The worldwide Augustana College experience

The Magic of the Wilderness

Aug. 3

There are four types of moving experiences people have in the wilderness — fascination, spirituality, communitas and flow.
— Lara Fenton, PhD candidate and river guide


Our lead river guide is working on her dissertation about the various types of moving experiences people have in the wilderness. She has a detailed database from surveys that inform her research, and have led her to believe that there are four categories of moving experiences people have in the wilderness. As I listened to Lara, I realized that I have experienced each one:

Spiritual: Wilderness experiences help people become closer to their creator. We certainly experienced this on our trip down the Nahanni. The half-mile-high canyon walls make the canyon feel sacred, like a grand cathedral.

Flow: Lara explained that this means total absorption in the physical experience, a kinetic sense of unified, flowing movement. When Jane and I took our turn with the canoe on this swift river (and 20 years ago when I kayaked down the Middle Fork of Salmon River) I felt one with the river. It is a transcendent experience.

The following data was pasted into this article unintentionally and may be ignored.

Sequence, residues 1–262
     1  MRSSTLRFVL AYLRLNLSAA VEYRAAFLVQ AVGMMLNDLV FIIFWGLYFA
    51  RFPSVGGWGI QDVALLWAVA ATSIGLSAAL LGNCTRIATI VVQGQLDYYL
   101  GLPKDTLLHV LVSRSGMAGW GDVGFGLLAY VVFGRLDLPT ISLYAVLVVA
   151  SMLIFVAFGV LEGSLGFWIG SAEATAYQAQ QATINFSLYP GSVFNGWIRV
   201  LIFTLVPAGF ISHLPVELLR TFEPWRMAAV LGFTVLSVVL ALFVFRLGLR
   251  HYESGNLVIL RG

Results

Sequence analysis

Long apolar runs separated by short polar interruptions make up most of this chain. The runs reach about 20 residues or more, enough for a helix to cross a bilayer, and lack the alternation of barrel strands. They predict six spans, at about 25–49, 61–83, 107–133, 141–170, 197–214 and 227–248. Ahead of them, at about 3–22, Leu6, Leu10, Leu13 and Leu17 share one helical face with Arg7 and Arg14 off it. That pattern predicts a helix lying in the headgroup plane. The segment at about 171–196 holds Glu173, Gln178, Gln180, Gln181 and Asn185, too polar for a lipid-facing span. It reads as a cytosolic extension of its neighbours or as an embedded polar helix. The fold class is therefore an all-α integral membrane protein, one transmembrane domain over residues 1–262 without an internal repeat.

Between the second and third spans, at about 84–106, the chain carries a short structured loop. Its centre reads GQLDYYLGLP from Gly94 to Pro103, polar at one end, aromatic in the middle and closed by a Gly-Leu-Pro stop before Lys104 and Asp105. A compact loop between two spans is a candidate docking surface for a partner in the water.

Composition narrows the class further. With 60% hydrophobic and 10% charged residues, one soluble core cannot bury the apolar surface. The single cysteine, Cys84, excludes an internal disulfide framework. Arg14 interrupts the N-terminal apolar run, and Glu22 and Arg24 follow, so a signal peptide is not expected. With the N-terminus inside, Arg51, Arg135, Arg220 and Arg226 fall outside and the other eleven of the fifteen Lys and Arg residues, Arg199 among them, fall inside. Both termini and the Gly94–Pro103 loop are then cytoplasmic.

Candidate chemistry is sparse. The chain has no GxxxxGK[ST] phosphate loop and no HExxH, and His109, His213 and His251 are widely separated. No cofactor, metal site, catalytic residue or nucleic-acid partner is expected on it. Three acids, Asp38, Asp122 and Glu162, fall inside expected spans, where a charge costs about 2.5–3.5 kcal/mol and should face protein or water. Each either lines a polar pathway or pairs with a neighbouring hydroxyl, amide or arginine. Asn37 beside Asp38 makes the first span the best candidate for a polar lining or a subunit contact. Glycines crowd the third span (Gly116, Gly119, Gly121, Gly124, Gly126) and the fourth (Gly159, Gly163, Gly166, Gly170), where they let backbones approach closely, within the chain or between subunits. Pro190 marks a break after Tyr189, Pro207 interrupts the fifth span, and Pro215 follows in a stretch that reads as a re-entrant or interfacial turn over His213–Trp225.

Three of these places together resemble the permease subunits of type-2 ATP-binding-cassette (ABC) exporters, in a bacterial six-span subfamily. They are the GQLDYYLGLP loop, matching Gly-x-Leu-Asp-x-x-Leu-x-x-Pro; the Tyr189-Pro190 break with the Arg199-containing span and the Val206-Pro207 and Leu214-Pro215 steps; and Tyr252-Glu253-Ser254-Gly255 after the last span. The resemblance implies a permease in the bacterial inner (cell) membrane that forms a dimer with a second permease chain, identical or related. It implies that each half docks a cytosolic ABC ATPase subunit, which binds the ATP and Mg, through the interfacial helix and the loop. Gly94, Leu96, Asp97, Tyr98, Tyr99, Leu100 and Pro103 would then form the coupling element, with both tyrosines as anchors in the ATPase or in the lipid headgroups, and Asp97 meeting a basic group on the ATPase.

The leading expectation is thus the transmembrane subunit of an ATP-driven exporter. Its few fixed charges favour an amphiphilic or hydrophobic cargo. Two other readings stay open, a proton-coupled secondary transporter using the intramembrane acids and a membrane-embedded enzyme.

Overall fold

Communitas: By Lara’s definition, this involves a deep personal connection with others, triggered by sharing the wilderness experience. We see this every time we take an expedition raft trip. Our fellow travelers, usually numbering from six to twelve, become like family during the trip. Though the relationships don’t necessarily remain after we go our separate ways, for that time we share a connection.

Fascination: Lara explained that this means being mesmerized and deeply drawn to what you see. We experienced this the first night on the river. We walked, with our First Nations guide, to an overview of thundering Virginia Falls, nearly twice the height of Niagara Falls and so incredibly powerful. There we saw a double rainbow, shining in the mist of the falls, dissipating and then forming again. It was beyond words. Our “Nahanni Family” sat at the falls, speechless, for almost an hour.

I hope all of our students, at some point in their lives, have the opportunity to experience the wilderness in these ways. And I both hope and trust it will be unforgettable.

(See also Jane Bahls’ Arctic Adventures blog).

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